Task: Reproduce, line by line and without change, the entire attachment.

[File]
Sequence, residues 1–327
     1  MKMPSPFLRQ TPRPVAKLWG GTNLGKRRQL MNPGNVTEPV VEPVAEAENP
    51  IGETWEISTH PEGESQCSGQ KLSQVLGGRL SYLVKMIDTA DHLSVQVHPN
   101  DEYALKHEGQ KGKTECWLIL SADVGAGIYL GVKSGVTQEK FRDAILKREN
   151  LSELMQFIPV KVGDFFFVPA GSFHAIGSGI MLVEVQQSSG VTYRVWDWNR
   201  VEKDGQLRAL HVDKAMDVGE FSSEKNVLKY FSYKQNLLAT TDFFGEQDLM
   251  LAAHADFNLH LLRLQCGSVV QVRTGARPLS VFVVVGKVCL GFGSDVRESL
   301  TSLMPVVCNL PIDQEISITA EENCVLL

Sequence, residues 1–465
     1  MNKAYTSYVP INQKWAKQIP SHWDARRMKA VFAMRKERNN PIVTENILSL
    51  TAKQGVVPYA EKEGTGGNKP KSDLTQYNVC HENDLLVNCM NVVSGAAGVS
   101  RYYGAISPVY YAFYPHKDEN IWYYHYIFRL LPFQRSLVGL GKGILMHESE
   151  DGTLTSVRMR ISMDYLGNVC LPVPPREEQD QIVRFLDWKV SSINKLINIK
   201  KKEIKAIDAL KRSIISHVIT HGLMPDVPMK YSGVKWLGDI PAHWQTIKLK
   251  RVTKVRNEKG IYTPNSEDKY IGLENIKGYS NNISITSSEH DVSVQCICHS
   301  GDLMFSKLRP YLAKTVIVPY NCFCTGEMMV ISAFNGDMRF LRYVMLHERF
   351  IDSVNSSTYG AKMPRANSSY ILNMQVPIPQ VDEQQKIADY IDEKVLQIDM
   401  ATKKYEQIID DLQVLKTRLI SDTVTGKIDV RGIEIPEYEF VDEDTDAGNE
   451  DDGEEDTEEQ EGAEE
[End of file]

Sequence, residues 1–327
     1  MKMPSPFLRQ TPRPVAKLWG GTNLGKRRQL MNPGNVTEPV VEPVAEAENP
    51  IGETWEISTH PEGESQCSGQ KLSQVLGGRL SYLVKMIDTA DHLSVQVHPN
   101  DEYALKHEGQ KGKTECWLIL SADVGAGIYL GVKSGVTQEK FRDAILKREN
   151  LSELMQFIPV KVGDFFFVPA GSFHAIGSGI MLVEVQQSSG VTYRVWDWNR
   201  VEKDGQLRAL HVDKAMDVGE FSSEKNVLKY FSYKQNLLAT TDFFGEQDLM
   251  LAAHADFNLH LLRLQCGSVV QVRTGARPLS VFVVVGKVCL GFGSDVRESL
   301  TSLMPVVCNL PIDQEISITA EENCVLL

Sequence, residues 1–465
     1  MNKAYTSYVP INQKWAKQIP SHWDARRMKA VFAMRKERNN PIVTENILSL
    51  TAKQGVVPYA EKEGTGGNKP KSDLTQYNVC HENDLLVNCM NVVSGAAGVS
   101  RYYGAISPVY YAFYPHKDEN IWYYHYIFRL LPFQRSLVGL GKGILMHESE
   151  DGTLTSVRMR ISMDYLGNVC LPVPPREEQD QIVRFLDWKV SSINKLINIK
   201  KKEIKAIDAL KRSIISHVIT HGLMPDVPMK YSGVKWLGDI PAHWQTIKLK
   251  RVTKVRNEKG IYTPNSEDKY IGLENIKGYS NNISITSSEH DVSVQCICHS
   301  GDLMFSKLRP YLAKTVIVPY NCFCTGEMMV ISAFNGDMRF LRYVMLHERF
   351  IDSVNSSTYG AKMPRANSSY ILNMQVPIPQ VDEQQKIADY IDEKVLQIDM
   401  ATKKYEQIID DLQVLKTRLI SDTVTGKIDV RGIEIPEYEF VDEDTDAGNE
   451  DDGEEDTEEQ EGAEE